Surreal. It's not a word that one generally associates with Christmas, but all day yesterday it kept floating around my conciousness.
I'm sure the day was surreal partly because of my sleep-deprived state and partly because I was fighting off yet-another-illness from the kids. Cheryl and I talked until 2 am and then I got up at 4:30 am to be ready in time for Dad to come by and take me to the airport. Most of the day my bowels felt scrambled, but thankfully nothing came undone due to a dose of immodium before I got on first flight at YVR.
The rest of the feeling was because of the object of my trip.
The mood first overtook me as I stood in line waiting to speak to the customs officer. They always ask you where you are going and why, and I really did not want to dwell on why I was leaving Cheryl and the kids and getting on a plane on Christmas day. I felt badly for her, for as soon as I explained that I was coming here for my brother-in-law's funeral, she replied that lung cancer had taken her dad as well. We exchanged "Merry Christmas"'es and I went to wait for my flight.
The rest of the day was a blur. I slept fitfully on the plane, ignoring my bowels and drinking as often as I could manage. I looked out the window and tried not to think of David and his love of flying. Texas and New Jersey are both pretty unexciting places to fly into and out of in the best of circumstances. On this trip they were absolutely monochromatic (well, except for sunset over the gulf coast).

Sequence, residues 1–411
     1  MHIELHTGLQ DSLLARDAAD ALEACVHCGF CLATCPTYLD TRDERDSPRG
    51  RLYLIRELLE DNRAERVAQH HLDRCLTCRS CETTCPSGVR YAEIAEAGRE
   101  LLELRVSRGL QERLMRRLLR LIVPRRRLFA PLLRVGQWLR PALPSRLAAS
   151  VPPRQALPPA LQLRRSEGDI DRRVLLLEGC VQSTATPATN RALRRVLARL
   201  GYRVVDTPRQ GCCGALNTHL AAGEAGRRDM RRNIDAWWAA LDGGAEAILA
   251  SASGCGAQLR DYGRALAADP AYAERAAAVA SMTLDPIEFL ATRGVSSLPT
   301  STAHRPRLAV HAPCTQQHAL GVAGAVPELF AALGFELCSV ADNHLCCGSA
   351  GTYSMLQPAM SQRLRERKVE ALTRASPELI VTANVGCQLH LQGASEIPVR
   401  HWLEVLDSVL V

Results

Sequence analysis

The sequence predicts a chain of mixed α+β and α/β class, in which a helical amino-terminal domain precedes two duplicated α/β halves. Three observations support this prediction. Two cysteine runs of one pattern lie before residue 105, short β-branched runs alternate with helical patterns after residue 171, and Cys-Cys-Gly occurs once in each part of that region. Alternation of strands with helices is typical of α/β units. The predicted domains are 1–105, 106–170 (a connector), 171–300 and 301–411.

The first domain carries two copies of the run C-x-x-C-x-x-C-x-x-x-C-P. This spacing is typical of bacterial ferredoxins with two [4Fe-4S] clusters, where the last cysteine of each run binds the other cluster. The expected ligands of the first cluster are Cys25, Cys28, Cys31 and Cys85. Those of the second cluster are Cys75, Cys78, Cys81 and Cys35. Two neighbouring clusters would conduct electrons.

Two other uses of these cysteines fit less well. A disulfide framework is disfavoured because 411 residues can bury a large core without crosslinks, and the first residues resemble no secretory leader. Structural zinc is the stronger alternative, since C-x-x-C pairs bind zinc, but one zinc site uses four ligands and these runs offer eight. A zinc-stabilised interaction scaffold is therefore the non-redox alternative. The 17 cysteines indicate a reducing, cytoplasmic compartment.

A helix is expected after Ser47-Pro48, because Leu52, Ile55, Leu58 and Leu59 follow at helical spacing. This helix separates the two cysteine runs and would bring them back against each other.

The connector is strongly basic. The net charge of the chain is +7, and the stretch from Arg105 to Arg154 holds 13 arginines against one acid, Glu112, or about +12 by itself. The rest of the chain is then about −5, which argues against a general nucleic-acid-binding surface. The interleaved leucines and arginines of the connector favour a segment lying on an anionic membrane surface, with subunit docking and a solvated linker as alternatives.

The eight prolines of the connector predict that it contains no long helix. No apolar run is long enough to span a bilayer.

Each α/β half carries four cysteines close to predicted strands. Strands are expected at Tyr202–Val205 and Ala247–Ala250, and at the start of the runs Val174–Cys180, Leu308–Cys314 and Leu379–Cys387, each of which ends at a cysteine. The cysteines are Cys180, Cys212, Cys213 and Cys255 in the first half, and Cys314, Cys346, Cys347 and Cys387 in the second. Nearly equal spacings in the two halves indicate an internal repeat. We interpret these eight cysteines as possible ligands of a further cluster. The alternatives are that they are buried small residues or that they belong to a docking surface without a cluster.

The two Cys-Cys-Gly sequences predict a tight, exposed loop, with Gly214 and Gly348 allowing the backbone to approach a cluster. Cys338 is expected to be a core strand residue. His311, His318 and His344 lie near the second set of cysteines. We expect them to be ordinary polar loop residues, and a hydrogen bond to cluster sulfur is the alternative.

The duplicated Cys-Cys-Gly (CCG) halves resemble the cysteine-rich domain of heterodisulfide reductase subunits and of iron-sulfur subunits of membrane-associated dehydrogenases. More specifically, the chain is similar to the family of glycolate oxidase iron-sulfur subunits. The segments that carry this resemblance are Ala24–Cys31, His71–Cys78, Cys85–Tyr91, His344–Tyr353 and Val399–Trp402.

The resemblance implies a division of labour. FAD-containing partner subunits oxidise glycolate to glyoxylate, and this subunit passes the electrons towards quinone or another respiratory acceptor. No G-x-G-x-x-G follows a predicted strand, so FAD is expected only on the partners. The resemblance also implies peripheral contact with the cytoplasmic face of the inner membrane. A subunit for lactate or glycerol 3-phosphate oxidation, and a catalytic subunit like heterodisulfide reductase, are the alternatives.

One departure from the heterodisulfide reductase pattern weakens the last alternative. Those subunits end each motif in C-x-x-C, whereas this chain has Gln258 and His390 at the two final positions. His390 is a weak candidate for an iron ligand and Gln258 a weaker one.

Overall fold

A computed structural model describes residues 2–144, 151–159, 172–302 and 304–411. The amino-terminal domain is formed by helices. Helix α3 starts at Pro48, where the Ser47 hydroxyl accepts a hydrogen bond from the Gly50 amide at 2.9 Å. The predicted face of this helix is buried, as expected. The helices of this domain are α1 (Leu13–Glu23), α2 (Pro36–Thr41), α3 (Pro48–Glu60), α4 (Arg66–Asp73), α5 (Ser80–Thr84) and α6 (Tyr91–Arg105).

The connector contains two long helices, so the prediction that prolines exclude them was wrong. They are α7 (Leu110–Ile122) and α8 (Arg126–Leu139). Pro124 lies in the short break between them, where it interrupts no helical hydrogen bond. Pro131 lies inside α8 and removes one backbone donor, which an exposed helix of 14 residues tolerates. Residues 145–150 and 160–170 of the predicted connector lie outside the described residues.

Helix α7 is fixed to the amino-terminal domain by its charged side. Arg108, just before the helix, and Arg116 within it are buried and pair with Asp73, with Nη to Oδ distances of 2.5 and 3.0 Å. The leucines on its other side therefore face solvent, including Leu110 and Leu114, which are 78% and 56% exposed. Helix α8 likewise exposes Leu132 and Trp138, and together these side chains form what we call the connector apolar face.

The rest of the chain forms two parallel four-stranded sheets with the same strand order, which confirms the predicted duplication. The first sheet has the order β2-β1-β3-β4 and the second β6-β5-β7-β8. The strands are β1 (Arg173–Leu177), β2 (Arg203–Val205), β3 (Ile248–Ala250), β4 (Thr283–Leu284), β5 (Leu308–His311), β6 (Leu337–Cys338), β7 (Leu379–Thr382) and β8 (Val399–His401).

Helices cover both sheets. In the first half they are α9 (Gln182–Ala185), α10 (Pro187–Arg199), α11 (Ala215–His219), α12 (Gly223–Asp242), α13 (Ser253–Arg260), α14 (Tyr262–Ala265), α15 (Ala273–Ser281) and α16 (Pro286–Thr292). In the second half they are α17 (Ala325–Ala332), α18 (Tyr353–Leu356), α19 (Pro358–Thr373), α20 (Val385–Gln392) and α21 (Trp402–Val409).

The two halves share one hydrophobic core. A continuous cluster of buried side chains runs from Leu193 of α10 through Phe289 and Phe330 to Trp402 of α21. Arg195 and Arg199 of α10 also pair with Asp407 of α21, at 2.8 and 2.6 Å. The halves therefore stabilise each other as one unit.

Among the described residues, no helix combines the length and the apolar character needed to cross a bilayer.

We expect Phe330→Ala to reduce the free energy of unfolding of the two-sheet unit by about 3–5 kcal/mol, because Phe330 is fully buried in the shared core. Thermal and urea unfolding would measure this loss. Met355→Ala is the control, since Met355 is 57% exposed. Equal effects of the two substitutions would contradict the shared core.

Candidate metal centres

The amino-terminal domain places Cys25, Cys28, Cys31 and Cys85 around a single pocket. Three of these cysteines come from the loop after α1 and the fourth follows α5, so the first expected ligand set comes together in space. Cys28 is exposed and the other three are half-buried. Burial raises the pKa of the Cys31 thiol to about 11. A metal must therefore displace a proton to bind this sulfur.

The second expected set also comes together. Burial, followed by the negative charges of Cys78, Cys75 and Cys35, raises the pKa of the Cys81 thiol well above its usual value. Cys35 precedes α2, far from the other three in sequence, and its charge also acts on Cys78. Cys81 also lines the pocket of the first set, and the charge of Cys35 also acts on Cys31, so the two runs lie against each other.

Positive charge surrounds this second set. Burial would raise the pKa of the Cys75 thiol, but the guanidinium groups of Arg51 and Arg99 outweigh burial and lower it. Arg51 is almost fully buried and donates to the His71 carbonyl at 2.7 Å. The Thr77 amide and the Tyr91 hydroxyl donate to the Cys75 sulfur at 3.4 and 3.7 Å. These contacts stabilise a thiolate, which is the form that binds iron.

About the only adrenaline rush I got during the whole day was when I arrived at the Port Authority Bus Terminal in NYC. The bus dropped us off on the top level and I had to make my way down 4 or 5 stories to the ground floor where the various bus lines had their ticketing counters. I felt utterly conspicuous as the obvious out-of-towner carrying around a laptop case and who knew what else. I bought my bus ticket and found out I would have to wait for about 90 minutes before the next bus. I used up 10 minutes wandering around the station aimlessly before I decided that was a good way to get myself mugged in some quiet hallway. I stepped into a coffee shop, bought a sandwich, and literally "ate" up another 30 minutes until the shop closed.
Reluctantly I went down to the gate where the bus was to leave from and found a young father there with his one year old son. His English wasn't so good, and my Spanish was worse, but I figured out that he had 3 children with the woman he was with and that she was leaving him in a month and taking the children with her. He just shook his head when I told him, "tengo cinco hijos" - I have 5 children. Later when he and his wife and sister-in-law got off the bus I wished him luck.
The bus ride from NYC here to Pennsylvania was relatively uneventful. While I dozed, the names of villages and places like Panther Valley, and Delaware Water Gap passed by. Some of them I recognized from David and Gail's writings. Some were new to me.
The fog was thick as pea soup and which lent itself to the dreamlike mood. Because of the visibility, it took the taxi driver a few minutes longer than usual to find the house - a fact for which he apologized. I stepped out of the car, my journey over, and wondered at how I had arrived here.